Silicon Valley continues to struggle with its lack of diversity, but many firms are now funding initiatives, adjusting policy, and actively seeking solutions. Now, two years after Google began the trend, the federal agency responsible for equal employment opportunity in the U.S. is getting involved, as well.

The federal government continues to become more involved in solving the diversity problem, and this week, the U.S. Equal Employment Opportunity Commission (EEOC) is finally joining the conversation in an active way.

EEOC Diversity Hearing

The EEOC, the federal agency that investigates discrimination and enforces civil rights laws in the workplace, will hold a public meeting on diversity in the technology industry on Wednesday, May 18, at the agency's Washington D.C. headquarters.

Titled "Innovation Opportunity: Examining Strategies to Promote Diverse and Inclusive Workplaces in the Tech Industry," the meeting will feature six panelists to address and discuss trends in employment opportunity for minorities in Silicon Valley, along with how to fix the dearth of diversity that currently exists in tech workforces. The meeting will start at 1 p.m.

Included among the panelists are Camilla Velasquez, VP of Product and Marketing for JustWorks, who formerly worked in upper management at both American Express and Etsy, and Kapor Capital partner Benjamin Jealous. As Latin Post previously reported, Kapor Capital is the venture capital wing of diversity-backing organization Kapor Center, which recently launched its VC arm in order to foster diverse workforces from the earliest stages of tech startups.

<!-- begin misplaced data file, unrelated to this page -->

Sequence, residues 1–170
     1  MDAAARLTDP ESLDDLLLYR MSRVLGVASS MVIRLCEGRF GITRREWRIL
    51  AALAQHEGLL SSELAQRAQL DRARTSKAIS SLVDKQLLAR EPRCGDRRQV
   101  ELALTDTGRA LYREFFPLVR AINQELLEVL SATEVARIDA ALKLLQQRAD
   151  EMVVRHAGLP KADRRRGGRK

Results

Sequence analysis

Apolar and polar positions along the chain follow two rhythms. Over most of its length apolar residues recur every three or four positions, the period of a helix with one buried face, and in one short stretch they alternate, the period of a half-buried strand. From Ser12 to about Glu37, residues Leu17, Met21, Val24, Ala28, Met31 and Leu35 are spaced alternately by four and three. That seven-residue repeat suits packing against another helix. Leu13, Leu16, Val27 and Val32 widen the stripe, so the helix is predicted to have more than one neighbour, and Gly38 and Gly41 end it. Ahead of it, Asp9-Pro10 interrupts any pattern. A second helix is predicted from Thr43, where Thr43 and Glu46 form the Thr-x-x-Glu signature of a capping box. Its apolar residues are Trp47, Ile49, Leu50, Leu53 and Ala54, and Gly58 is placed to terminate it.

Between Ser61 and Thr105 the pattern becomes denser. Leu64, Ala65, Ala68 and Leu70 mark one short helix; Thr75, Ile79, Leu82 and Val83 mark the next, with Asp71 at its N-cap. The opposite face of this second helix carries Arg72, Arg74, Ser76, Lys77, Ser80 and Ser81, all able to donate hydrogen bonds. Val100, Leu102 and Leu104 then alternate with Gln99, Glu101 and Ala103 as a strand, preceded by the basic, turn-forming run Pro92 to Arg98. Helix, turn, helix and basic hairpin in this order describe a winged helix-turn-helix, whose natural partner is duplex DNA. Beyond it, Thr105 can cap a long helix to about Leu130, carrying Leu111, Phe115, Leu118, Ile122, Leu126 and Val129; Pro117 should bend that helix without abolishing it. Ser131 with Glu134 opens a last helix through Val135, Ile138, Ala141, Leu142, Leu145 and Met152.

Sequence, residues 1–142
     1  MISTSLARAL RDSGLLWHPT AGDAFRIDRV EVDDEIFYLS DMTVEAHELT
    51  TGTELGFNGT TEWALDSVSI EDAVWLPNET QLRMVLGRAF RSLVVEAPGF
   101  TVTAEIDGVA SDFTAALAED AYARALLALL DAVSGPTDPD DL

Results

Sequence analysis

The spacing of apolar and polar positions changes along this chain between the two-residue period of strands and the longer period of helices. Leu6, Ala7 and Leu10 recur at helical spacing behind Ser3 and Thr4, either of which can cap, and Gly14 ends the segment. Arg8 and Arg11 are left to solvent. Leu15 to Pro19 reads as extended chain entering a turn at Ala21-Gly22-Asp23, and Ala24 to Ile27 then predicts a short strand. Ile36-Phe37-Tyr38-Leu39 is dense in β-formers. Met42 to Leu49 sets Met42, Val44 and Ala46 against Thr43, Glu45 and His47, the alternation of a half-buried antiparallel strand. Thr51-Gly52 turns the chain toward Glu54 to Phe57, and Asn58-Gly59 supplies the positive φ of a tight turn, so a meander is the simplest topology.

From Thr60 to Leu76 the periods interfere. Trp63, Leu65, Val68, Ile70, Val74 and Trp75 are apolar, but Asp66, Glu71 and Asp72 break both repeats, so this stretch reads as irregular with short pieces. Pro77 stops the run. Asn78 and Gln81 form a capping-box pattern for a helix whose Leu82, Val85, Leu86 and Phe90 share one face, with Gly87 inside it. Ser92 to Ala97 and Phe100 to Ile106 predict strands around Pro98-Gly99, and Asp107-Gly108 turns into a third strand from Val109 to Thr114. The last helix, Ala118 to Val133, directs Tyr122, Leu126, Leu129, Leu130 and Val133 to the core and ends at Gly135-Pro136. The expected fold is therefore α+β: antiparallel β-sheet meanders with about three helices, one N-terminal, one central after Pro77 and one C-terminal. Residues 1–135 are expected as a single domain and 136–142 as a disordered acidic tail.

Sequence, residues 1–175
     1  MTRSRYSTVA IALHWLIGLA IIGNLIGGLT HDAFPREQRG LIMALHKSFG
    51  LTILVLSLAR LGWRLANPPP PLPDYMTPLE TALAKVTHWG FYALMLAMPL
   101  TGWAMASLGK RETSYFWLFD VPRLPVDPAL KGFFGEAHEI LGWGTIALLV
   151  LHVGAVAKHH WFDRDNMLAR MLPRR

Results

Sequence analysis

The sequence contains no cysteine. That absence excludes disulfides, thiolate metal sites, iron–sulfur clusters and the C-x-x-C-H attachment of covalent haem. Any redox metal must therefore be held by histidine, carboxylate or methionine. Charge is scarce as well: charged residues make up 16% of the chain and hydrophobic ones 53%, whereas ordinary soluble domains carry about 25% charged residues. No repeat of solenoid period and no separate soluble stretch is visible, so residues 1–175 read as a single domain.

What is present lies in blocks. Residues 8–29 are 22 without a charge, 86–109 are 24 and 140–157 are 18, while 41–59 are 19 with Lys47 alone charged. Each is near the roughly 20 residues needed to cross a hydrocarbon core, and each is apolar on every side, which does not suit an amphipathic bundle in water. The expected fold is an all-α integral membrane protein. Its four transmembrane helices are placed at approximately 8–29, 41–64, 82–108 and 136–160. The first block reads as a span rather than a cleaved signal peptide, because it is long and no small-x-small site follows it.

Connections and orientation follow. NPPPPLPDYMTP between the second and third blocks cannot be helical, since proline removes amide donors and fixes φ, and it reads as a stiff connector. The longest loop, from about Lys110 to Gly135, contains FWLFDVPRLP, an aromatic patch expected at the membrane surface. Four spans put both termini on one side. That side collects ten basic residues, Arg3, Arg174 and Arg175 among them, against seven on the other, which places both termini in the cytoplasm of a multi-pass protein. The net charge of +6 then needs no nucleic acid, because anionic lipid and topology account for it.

In addition to the panel discussion, EEOC staff will present preliminary findings from the agency's upcoming report analyzing demographics and trends in the technology industry.

Late to the Party

Judging from the agenda and title, this meeting will be mostly preliminary work and discussion on solutions, which at this stage is a little overdue for the agency.

Through all of the media coverage and public discussion of diversity in Silicon Valley -- ever since the Rev. Jesse Jackson kicked off the push for tech companies to be transparent with their workforce diversity data at HP's shareholders meeting two years ago -- the only way the public may have been aware of EEOC involvement is through the workforce data that they collect annually, by law.

Indeed in the early days of the diversity fight (when few tech firms were volunteering diversity data), advocates' threats to submit freedom of information act (FOIA) requests to the Equal Employment Opportunity Commission -- in order to review tech companies' annual EEO-1 workplace demographics reports, themselves -- was one way to gain traction in Silicon Valley. For example, after Google voluntarily released its first, groundbreaking diversity transparency report in 2014, the Rev. Jesse Jackson used EEO-1 FOIA threats to get Amazon and others to join the transparency trend. But as CNN reported in 2013, their journalists had had quite a hard time coaxing the EEOC to release EEO-1 data for Silicon Valley companies, starting back in 2011.

Other parts of the federal government, particularly the White House, have already gotten behind many initiatives to boost alternative technology training, STEM education, hiring of underrepresented workers, and spur more diversity in entrepreneurship and tech.

The Equal Employment Opportunity Commission's first meeting to discuss ideas on the same subject is a welcome step beyond simply collecting data that showed what a problem diversity for Silicon Valley in the first place.